“I’m the longest serving person now on the city council. So to be able to say this is why we did something back then, and this was the issues back then, has been very helpful,” Franco explained. “I’ve seen how the budgets have changed over time, and seen the increase of employees we have. When I was elected, we were just coming out of the Great Recession. We used to argue about $300,000 as the extra money in the budget, and now we’re debating about millions. It’s just phenomenal to see the growth and the changes in Heber City firsthand.”

Franco spends her day-to-day doing varying tasks, mainly responding to emails and citizen inquiries, and also, similarly to Mayor Worel and Mayor McCormick, Franco sees herself as a conduit between citizens and local, state, or county government.

“Day-to-day I’m spending quite a few hours on emails, either related to city business or citizen complaints, nudging people along, and trying to get issues resolved,” Franco said of her daily routine. “I think the mayors are kind of like an ombudsman, to help citizens know where to go and who to talk with. I try to help people move forward with government processes, and help them get issues resolved.”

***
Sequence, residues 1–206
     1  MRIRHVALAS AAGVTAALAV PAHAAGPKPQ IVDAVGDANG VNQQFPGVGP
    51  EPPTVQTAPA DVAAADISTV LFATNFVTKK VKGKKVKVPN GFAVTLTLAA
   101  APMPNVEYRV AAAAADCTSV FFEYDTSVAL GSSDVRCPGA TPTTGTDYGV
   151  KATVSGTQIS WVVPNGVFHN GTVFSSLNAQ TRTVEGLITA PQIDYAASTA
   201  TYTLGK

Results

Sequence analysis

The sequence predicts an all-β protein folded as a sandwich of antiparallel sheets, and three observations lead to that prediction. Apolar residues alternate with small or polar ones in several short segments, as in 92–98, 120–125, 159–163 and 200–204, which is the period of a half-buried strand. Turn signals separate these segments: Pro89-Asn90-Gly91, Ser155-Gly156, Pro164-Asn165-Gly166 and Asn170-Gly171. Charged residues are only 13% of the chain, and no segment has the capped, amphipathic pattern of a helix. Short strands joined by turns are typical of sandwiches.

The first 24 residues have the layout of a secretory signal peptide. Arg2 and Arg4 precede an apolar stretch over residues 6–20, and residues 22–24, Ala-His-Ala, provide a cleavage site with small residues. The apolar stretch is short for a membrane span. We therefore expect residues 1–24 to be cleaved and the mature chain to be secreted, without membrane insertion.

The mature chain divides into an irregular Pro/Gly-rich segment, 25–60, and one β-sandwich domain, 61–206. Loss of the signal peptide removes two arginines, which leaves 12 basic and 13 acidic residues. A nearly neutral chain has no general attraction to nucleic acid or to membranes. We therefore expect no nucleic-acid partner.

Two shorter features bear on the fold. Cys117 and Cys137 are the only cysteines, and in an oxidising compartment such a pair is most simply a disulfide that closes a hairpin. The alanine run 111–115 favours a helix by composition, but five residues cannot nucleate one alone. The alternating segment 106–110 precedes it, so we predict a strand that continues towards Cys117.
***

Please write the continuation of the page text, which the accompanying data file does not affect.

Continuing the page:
Another part of Franco’s job entails acting as the chair of the City Council, controlling the direction of meetings.

“I chair the City Council, so I’ll direct all the meetings, take all the motions, call all the votes, and put things on the city agenda,” Franco explained. “I participate as much as the other council members, but I don’t get to vote. I can only vote if there’s a tie, and the Heber City Mayor has no veto power.”

Of the Mayor’s biggest responsibilities, Franco believes sitting and participating in several committees, including the City Council, constitute her most important role.

“I attend 17 meetings a month for city business and city county boards, and I get to vote on those boards and help push issues through,” Franco said. “Those are the major utility boards, the power company, and the sewer district. I’m also the chair of the Wasatch open space board, which is a county board to help preserve open space in our county.”

“I try to make sure that the city’s doing as good of a job as it can,” Franco said. “That’s the political science professor coming out in me, this is what I teach and what I study. We have to build the capacity in the city and be accountable. Capacity, accountability, transparency, and participation from the public will equal our legitimacy and trust from our citizens.”